Outwardly, mining companies comment on the decline in the global demand with Olympian calmness: there are temporary issues with the distribution of the excess supply formed in the market earlier, shortage of lending to the industry, slowdown of the Chinese economy, trade war between the USA and China, etc. In short, everything is temporary, comes and goes …
And at the same time, as if just in case, they assure that synthetic diamonds have already carved out their niche, having attracted their own separate consumer, and it seems that they do not particularly interfere with the development of the natural diamond market. Moreover, the separation measures have already been taken – from administrative (introducing separate product codes at the government levels, extending the ‘price over volume’ policies, etc.) to technological measures (developing devices like D-Secure). And what remains to be done by the key participants in the diamond market – just to rely on ‘temporary challenges’ and take measures traditional for a ‘bad cycle’ period?
Let’s try to consider a more extensive set of drivers that supports or results in the diamond industry decline, with a special emphasis on the particular situation of the diamond mining leader ALROSA.
- Threats from the synthetic diamonds
1.1. The acceptance of the synthetic diamonds by the society is an actual indifference of people to the ‘end of the cult of the natural diamonds’.
1.2. Even the global jewelry industry is practically indifferent to the decline in the status of the natural diamonds – they are simply replaced by the synthetic diamonds.
1.3. The constant decline in prices, and, as a result, an increase in the production of synthetic gem-quality diamonds cut to make polished diamonds.
1.4. Sales without much risk of the cut and polished synthetic diamonds passed as polished diamonds made from natural rough diamonds.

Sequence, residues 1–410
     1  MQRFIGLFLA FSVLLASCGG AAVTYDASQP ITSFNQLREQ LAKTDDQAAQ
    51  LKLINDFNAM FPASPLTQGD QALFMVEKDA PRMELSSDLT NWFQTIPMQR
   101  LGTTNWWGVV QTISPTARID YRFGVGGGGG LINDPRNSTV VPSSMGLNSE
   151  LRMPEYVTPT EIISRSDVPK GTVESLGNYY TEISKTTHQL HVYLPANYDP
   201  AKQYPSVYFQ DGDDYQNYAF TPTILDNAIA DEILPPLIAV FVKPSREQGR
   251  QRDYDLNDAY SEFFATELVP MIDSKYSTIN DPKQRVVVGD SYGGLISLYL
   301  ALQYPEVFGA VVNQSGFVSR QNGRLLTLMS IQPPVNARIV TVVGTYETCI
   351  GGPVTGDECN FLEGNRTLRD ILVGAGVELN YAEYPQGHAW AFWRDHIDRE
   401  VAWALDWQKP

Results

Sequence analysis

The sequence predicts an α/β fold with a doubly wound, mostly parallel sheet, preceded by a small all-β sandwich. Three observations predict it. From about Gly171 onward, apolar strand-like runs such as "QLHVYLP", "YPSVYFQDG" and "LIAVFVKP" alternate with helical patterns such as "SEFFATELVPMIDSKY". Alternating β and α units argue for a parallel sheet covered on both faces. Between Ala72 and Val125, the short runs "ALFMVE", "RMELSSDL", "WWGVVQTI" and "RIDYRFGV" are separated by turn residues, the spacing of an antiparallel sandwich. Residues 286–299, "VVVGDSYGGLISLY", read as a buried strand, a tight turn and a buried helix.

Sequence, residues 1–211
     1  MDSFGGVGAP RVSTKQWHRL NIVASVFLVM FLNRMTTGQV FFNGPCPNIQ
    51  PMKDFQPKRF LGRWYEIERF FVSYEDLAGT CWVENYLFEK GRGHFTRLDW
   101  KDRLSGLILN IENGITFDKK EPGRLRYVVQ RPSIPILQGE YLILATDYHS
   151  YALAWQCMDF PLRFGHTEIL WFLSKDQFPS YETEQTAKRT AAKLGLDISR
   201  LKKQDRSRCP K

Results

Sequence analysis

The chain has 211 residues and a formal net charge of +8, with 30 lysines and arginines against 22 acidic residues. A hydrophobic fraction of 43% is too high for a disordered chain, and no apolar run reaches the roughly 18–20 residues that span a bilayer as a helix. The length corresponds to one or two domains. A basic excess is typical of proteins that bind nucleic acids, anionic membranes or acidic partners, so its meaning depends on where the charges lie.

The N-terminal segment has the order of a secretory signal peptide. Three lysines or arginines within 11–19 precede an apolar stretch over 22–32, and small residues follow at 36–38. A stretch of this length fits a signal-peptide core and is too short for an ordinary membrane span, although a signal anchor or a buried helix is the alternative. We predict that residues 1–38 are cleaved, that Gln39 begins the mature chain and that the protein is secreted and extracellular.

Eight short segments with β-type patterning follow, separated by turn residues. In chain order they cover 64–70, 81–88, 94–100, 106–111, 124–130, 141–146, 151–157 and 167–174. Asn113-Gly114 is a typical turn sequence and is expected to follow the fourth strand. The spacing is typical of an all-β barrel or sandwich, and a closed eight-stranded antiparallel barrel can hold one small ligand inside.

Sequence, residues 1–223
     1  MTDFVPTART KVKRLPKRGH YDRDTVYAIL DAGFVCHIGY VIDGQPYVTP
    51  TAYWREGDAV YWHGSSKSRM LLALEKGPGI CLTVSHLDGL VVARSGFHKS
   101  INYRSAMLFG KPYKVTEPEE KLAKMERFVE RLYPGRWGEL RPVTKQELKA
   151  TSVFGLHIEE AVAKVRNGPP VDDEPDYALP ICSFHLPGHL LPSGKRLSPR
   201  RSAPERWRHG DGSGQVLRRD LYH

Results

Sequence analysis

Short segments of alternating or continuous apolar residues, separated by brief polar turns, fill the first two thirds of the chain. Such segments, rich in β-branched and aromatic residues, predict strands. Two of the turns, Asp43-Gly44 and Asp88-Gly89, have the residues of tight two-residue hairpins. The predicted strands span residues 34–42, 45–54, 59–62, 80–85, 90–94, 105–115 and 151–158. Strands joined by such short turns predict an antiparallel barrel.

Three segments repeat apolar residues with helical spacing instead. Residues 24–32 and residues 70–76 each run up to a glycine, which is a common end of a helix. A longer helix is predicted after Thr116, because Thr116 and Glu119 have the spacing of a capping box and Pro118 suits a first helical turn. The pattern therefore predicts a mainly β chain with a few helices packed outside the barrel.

1.5. The difficulty of identifying (especially by buyers and in jewelry pieces) that the diamonds are synthetic stones, not natural ones.
1.6. The actual equal status of the polished diamonds made from natural rough diamonds and the cut and polished synthetic diamonds at the regulatory level, which is established by the Federal Trade Commission in the USA.
1.7. An aggressive marketing support for the synthetic rough diamonds promotion – stimulating the perception of the synthetic diamonds by young people as ‘innovative’ and ‘green’.
1.8. the lack of effective advertising and marketing counteraction to the synthetic rough diamond promotion campaigns.
1.9. The fulfillment by De Beers, that de facto is a key driver of the diamond market development, of its own synthetic diamond programme (which is a betrayal of the principle of maintaining a shortage in the diamond market).
- Threats from the changed consumer consumption pattern
2.1. A decline in the interest in jewelry, the replacement of the cult of material values among young people with ‘collecting experiences’.
2.2. The emergence of new markets for popular household goods (gadgets) that distract the attention and resources of the young people from jewelry.
2.3. The general desire of people to start living ‘spending rationally’.
2.4. People are not confident in their ‘tomorrow’ due to the instability – trade wars, etc., and they are not confident in the polished diamonds as a value storage tool.
2.5. The failure of the diamond industry to provide a rough diamond with the real status of an investment tool – the lack of measures to maintain the investment interest in rough and polished diamonds (the world’s gold and currency reserves do not perceive rough and polished diamonds and as the gold and currency reserves, there is no concept for buying diamonds, the Rapaport’s pricelists are conventional).
- Threats from the changes in the global economy
3.1. Trade wars.
3.2. Devaluations of currencies of the developing countries against the dollar.
3.3. As a result, there is no confidence in the diamond business success, resulting in tightened lending to the diamond business in the developing countries.